Margaret Cho Brings “Mother” to Nob Hill Auditorium

Comedian and San Francisco Native Margaret Cho wouldn’t mind being compared to “Mommy Dearest” Joan Crawford.

“She’s like the best kind of mother because she’s so comical and crazy, and at the same time, you could totally look to her as an authority figure,” Cho said. “There’s a reason why so many men do drag versions of Joan Crawford.”

Cho is bringing her latest show, simply titled “Mother,” to San Francisco’s Nob Hill Auditorium at 8 p.m. on Saturday, October 12.

While not a biological mother, Cho is mother to two dogs and is called “Mother” by lots and lots of friends in the LGBTQ community.

PHOTOS: Margaret Cho Reveals Her Favorite SF Restaurants

“They look for mothers and icons like Joan Crawford or Judy Garland or even Lady Gaga,” she said. “In my work, I’ve gotten to meet a lot of these people, and I find that they continue to get younger. I find a lot of younger people in my audience, and that’s a really exciting thing. I do feel very maternal.

“You can learn a lot from teaching, too. From being queer for so long and being out for so long, I think I have experiences I can share with people. I’m really grateful for that.”

While Cho’s own mother has been a longtime character in her touring shows, she wasn’t tempted to call the show “Mommy,” even though that’s what Cho calls her. Instead she wanted something more formal and with authority.

“Like a Mother Superior,” Cho said. “There is something a bit distant and formal, and there is some tradition there. Mothers are still warm and loving, but there’s a certain dignity to it. It’s not like mommy culture. It’s almost like a prison warden—severe in a way.”

Cho’s mommy is a huge part of this show, she said, which is important because she’s part of a community that becomes less visible with passing time.

“Asian women often, as we get older, become invisible,” she added. “A lot of our visibility has to do with youth and sexual attractiveness. She relies on my shows to be in the spotlight. She would rather it be all about her.”

When she was coming of age in San Francisco, Cho was obsessed with the pop duo Yaz, specifically with singer Alison Moyet’s voice, which she found maternal. Soon Cho was taking on the maternal role with her peers even though they were the same age. As time has passed, she’s aged into the role, and now her mothering includes a lot more transgender people.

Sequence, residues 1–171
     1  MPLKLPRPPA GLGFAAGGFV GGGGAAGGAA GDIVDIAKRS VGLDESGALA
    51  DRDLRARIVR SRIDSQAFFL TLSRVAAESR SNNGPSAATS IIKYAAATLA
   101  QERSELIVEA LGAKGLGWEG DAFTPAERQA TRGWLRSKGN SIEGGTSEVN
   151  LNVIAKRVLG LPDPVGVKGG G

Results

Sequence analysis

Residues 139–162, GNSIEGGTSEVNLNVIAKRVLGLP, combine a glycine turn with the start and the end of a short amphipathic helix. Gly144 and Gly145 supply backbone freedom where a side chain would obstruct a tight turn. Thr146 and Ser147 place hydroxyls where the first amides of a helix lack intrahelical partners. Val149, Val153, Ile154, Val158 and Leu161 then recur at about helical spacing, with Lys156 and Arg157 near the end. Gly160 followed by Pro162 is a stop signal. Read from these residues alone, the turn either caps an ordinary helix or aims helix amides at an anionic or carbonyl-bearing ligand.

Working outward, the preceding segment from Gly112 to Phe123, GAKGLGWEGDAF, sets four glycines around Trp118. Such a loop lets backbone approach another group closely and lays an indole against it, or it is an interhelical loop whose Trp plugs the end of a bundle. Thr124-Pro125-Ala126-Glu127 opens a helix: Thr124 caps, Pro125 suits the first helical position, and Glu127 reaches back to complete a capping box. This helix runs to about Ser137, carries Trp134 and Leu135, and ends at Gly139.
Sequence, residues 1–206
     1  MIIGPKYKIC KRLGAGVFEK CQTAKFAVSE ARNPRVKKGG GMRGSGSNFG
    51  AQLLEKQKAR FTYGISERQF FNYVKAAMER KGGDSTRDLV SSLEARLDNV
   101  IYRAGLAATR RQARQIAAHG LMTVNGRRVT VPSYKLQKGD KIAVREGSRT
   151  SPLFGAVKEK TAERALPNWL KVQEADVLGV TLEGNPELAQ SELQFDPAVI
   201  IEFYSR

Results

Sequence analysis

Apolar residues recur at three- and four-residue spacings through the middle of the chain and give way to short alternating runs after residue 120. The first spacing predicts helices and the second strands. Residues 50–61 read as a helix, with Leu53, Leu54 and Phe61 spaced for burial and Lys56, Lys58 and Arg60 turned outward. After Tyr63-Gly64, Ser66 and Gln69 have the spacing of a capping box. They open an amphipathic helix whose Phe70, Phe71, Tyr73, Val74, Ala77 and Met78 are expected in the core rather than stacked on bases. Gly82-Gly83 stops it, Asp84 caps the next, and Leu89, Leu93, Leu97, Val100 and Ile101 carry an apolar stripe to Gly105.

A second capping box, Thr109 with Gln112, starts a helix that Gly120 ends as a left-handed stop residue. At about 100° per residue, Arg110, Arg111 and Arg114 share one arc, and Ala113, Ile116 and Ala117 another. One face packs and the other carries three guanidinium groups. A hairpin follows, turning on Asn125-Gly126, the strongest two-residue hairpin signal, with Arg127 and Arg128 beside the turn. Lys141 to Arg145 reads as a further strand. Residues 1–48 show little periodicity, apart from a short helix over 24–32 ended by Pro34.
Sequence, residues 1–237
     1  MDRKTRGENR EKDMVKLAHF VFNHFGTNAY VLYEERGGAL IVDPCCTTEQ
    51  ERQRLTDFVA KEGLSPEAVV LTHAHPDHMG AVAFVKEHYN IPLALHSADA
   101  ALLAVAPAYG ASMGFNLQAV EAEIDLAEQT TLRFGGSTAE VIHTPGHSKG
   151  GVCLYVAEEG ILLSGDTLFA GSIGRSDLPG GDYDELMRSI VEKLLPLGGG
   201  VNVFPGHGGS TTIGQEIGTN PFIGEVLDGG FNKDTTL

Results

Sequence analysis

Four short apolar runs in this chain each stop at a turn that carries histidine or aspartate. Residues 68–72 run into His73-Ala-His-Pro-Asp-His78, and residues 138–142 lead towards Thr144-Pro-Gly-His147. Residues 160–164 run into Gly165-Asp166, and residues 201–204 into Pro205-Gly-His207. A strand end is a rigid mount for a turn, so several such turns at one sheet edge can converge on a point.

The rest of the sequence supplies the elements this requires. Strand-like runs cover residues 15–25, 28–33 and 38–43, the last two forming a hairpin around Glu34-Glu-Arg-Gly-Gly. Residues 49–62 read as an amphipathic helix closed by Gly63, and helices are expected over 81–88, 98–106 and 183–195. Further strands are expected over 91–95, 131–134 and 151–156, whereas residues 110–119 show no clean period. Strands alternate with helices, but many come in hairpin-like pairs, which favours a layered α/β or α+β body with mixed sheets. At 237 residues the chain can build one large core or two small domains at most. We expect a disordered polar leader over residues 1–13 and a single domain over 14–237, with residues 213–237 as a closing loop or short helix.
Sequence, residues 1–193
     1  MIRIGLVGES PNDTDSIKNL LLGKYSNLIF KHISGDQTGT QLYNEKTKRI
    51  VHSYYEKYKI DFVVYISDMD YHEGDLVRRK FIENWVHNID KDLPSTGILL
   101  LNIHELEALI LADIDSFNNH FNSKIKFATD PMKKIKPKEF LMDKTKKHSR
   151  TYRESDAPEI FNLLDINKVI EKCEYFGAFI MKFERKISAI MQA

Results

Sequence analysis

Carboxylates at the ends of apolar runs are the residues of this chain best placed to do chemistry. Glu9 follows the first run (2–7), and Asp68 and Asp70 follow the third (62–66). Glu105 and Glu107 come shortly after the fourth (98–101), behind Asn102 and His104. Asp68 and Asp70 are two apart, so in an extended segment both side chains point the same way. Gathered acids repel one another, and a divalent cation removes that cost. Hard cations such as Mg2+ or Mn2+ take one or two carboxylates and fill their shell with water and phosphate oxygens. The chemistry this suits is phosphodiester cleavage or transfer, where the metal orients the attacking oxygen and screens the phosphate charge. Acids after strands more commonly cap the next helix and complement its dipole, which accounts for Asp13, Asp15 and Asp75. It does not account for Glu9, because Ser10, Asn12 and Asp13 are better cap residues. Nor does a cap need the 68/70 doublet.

“There’s a lot of that culture growing,” Cho said. “I find the biggest change in the community is more trans people.”

As a pet parent, Cho said one of the world’s biggest misfortunes is that animals don’t live as long as people. Her dog, who died not so long ago, still serves as a muse and ends up in several of the songs Cho writes. In a city where dogs outnumber kids, Cho said she can relate to the deep feelings San Franciscans have with their pets.

“Just go to Dolores Park, and you’ll see it,” she said. “I wish I could love somebody as fearlessly as I love my dogs, or I wish that someone could love me as fearlessly as a dog can love a person.”

Cho is coming to town just as people are making big Halloween plans. Her last costume was ironic.

“I was a tattooed lady from the circus, which was funny because I had a body suit on that had less tattoos than my own body,” she laughed.

Cho has fond memories of Halloween in San Francisco.

“I remember the most outrageous experiences in the Castro,” she said. “The dark humor people would display, like the year after Jonestown, people coming dressed as Jim Jones. I remember people dressing up as the AIDS virus. That was intense. The dark humor and the campiness that is San Francisco at Halloween are unmatched.”

Visit for more information about her October 12 performance.

Corey Andrew has been interviewing comedians and writing about comedy for the last decade and a half. He recently published the book, “Laugh Lines: Conversations with Comedians.” Corey was a writer and performer with Midwest sketch troupe, The NonProphets, before moving to the Bay Area with his family several years ago. If you have ideas for future columns about comedy, you can send them to or follow him at

Contact Us